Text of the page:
Vitamin C-Rich Foods
Good sources of vitamin C include:
- Brussels sprouts
- Sweet potatoes
However, more research is needed to better understand the role of vitamin C in preventing and treating gout, according to a February 2021 review in Nutrients.
Purines are found in many plant foods like asparagus, spinach and mushrooms, according the Mayo Clinic.
But these high-purine foods are not linked to a higher risk of gout — unlike the meats, seafood and beverages listed above — and are thus safe to eat, according to March 2021 research in Current Opinion in Rheumatology.
Whole grains are also among the best foods for gout, according to the Mayo Clinic. Good sources of grains include:
- Brown rice
- Whole-wheat bread, pasta or cereals
Just be sure to avoid oats and packaged grains that contain high-fructose corn syrup (like certain granola bars), as these foods may encourage gout symptoms, per the Cleveland Clinic.
Varied Sources of Protein
Avoiding certain proteins like red meat, organ meat and some seafood and fish is one method for how to prevent gout flare-ups.
But this doesn't mean you should cut protein from your diet entirely — instead, eat smaller amounts of lower-purine meats, like chicken or salmon, per the Mayo Clinic.
You can also swap out meat for plant-based protein options, such as:
- Nut butters
- Spirulina algae
What Diet Is Best for Gout?
The Dietary Approaches to Stop Hypertension (DASH) diet has been associated with a lower risk for gout, per a May 2017 study in The BMJ.
This diet pattern emphasizes fruits, vegetables, legumes, nuts, seeds, whole grains and low-fat dairy products. It includes limited portions of meat, chicken and fish, and encourages a low intake of sodium and sweetened beverages.
Staying hydrated is key to preventing gout attacks. In fact, those who drink five to eight glasses of water every day are less likely to have symptoms, according to the Cleveland Clinic. What's more, water supports kidney health and can help flush uric acid from your body.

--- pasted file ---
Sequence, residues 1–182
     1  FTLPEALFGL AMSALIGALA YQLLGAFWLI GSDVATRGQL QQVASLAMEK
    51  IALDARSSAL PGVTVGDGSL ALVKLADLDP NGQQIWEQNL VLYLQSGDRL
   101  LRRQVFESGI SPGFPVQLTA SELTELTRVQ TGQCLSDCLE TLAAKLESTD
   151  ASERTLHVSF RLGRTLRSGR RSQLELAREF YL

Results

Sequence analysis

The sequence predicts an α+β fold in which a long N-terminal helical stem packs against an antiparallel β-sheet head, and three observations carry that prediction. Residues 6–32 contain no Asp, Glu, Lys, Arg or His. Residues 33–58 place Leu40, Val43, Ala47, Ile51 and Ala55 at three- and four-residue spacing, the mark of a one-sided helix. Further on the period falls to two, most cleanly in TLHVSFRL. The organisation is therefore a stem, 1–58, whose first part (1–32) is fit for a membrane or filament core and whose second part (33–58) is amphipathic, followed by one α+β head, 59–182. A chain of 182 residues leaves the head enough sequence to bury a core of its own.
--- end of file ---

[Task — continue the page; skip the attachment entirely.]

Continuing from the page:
Water is also a safer alternative to high-purine beverages like sugary juice, which may trigger gout symptoms.
Early research suggests that drinking skim milk may help reduce gout attacks, according to September 2015 research in the American Journal of Lifestyle Medicine.
Milk may help lower uric acid levels by hastening how quickly your body gets rid of excess acid. It may also reduce inflammation in your joints when urate crystals accumulate, per the Cleveland Clinic.
Work with your doctor or dietitian to craft the best gout-friendly eating plan for you, as it can vary slightly from other arthritis diets.
- Mayo Clinic: "Gout"
- Scientia Horticulturae: "Lemon fruits lower the blood uric acid levels in humans and mice"
- Annals of the Rheumatic Diseases: "SAT0318 Lemon Juice Reduces Serum Uric Acid Level Via Alkalization of Urine in Gouty and Hyperuremic Patients- A Pilot Study"
- Annals of the Rheumatic Diseases: "Purine-rich foods intake and recurrent gout attacks"
- Cleveland Clinic: "Gout Low Purine Diet"
- Mayo Clinic: "Gout diet: What's allowed, what's not"
- The BMJ: "The Dietary Approaches to Stop Hypertension (DASH) diet, Western diet, and risk of gout in men: prospective cohort study"
- American Journal of Lifestyle Medicine: "Nonpharmacological Management of Gout and Hyperuricemia: Hints for Better Lifestyle"
- Current Opinion in Rheumatology: "The role of diet in hyperuricemia and gout"
- Nutrients: "Role of Vitamin C in Prophylaxis and Treatment of Gout—A Literature Review"
Is this an emergency? If you are experiencing serious medical symptoms, please see the National Library of Medicine’s list of signs you need emergency medical attention or call 911.